The characters of the stories are newborns to me. Most of my characters arrive full-grown, I look for age appropriate names. For example, Richie might be alright for a boy, but a grownup would probably prefer Rich or Richard. A few folks who know me from childhood still call me Richie. I get all three versions of my name these days. I can’t escape the variations.
If a story has a local flavor, I try to use names that could not be mistaken for anyone I know. Trying to think of names that don’t belong to friends or relatives can be challenging … and leave me looking up names on the Internet.
If you named a child, did you use a book of baby names? Did you look up names on the Internet? Did you make lists of names, then negotiate the final choice with others? Fortunately, I only have to debate with myself about my characters’ names. Right or wrong, I’ve no one to blame or congratulate but myself.
Aside from Harold, I don’t think I’ve duplicated a name, but I’ve got so many stories out there, I’m can’t say for sure. I know I’ll always have favorites tucked in the back of my mind.
In my neighborhood, there’s a family in which the father is Edgar. His son is also Edgar. Another son is Eduardo.
In this household, no one is called Ed. The younger Edgar is Eddy. The others are called by their full names. Parents get to set rules on that — at least in the home — but there’s no telling how kids will change your name once you start school. You could get a nickname that sticks. That might be good. Or not.
If there are several kids named John in your class, classmates — even a teacher — may decide you’re Jack, Johnnie, Jay … or something else. A room with multiple Johns, Michaels, or Susans will likely trigger a round of renaming.
Did you get stuck with a nickname? Do you like it? Hate it? Don’t much care either way?
I had a cousin named George whose father was also George, so they called him Ricky. For years, I thought that was his name. No idea how they chose this name, but it stuck with him his entire life. When relatives on that side of the family called me Ricky, it drove my mother crazy. She’d point out Ricky is not my name.
Aunt Mary is called Joan. It’s her middle name. Some said they did not want to call her by her mother’s name, but no one I know called my grandmother Mary. Her sister called her Mae. There are Roberts who became Bob or Bobby, including my father.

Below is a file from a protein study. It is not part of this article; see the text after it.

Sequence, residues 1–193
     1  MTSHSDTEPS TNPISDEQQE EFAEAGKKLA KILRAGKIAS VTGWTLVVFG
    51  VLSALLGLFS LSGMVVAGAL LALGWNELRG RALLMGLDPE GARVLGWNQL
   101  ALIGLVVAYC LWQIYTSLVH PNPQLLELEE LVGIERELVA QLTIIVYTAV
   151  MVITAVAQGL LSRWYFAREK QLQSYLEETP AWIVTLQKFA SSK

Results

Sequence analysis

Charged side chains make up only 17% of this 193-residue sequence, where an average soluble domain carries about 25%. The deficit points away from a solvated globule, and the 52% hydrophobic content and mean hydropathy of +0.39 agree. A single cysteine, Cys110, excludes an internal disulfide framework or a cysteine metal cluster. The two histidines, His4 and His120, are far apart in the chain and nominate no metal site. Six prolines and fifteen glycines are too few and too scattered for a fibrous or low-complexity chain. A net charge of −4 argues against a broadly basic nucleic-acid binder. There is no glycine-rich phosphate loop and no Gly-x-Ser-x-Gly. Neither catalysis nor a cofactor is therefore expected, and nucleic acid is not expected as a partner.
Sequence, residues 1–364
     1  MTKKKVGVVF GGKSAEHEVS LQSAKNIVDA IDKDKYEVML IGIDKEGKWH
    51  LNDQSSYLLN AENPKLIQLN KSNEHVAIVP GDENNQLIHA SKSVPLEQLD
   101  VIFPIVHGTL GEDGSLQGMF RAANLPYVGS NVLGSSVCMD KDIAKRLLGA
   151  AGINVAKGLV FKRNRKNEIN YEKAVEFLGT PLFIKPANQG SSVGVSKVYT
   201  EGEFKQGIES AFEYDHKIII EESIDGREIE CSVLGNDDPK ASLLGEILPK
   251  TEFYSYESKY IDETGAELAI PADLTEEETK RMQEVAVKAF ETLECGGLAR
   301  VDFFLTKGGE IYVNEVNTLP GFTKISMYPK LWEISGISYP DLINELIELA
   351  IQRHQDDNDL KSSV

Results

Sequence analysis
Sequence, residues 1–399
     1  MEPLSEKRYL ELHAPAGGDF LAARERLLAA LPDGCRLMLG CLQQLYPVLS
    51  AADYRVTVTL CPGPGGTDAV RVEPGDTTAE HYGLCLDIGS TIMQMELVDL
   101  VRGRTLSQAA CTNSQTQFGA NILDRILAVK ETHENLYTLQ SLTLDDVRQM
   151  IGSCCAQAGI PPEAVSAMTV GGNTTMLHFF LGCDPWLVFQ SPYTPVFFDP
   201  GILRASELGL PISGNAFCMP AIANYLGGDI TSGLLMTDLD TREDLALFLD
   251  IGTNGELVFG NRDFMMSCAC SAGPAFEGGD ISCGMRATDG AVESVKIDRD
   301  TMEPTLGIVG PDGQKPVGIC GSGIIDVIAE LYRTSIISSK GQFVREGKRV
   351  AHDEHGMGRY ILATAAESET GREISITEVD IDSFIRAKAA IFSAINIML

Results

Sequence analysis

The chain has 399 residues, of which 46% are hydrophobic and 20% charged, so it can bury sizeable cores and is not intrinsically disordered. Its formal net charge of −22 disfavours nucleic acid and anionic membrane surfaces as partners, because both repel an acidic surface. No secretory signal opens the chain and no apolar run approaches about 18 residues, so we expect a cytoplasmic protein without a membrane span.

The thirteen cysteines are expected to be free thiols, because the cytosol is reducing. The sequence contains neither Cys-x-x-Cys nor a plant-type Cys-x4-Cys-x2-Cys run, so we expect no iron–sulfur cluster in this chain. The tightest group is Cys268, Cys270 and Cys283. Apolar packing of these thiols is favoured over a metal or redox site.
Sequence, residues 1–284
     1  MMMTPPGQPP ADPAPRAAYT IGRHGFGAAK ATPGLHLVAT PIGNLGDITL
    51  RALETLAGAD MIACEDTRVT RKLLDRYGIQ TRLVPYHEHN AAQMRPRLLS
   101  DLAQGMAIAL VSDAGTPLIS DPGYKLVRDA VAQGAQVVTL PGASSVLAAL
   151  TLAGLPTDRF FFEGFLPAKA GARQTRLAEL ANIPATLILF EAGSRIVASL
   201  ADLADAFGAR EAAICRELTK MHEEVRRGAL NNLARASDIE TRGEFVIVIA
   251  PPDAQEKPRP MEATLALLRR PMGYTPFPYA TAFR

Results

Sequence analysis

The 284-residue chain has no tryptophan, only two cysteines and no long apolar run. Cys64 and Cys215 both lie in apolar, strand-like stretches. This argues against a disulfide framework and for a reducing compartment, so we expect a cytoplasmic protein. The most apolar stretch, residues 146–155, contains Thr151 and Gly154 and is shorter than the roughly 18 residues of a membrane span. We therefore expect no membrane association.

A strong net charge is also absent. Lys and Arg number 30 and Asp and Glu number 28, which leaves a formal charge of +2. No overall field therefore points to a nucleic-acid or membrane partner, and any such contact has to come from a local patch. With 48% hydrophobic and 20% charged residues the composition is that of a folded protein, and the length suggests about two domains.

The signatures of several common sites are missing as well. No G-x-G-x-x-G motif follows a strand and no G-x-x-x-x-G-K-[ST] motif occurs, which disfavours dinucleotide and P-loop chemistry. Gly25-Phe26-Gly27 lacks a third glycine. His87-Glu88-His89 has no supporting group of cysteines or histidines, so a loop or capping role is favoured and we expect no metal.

I know a few people who hate their name. Some are downright upset at their parents about it. If you were named Moon Unit or Dweezil, disliking your name might not seem unreasonable. Yet, Frank Zappa’s kids stuck with those names.
The Zappa family got away with giving their kids what could optimistically be considered “unique” names. Celebrities get a pass on lots of stuff. I doubt an ordinary kid would survive such names. Most parents want to make their children feel their names are special, but sensible parents don’t want their kid’s name to make them a target.
Destiny Hope Cyrus decided she liked Miley better. She changed her name — which was already her nickname.
As for my own, I’m neutral about it. I neither love nor hate my name. It’s okay. All of its variations are fine with me, including Rick or Ricky, despite my mother and I am also okay with RJ (Richard John).
But. I hated Dick. Few dare call me that, but one friend does. He’s the only one who gets away with it. I remember all too well the years of President “Tricky Dick” Nixon. I wanted no association with that name.
Do you like your name? Would you prefer a nickname? Did you always like your name or did you accept it over time?
If you could change your name now, to what would you change it? Feel free to share your new name in the comments? I might choose Ming the Merciless, Emperor of the Universe. That had a certain ring to it when I was small, though it would be hard to fit on a business card.
This remains, after all these years, my favorite sign photo. Right in my own neighborhood. No idea to whom “them” refers.
And a few others, just for fun: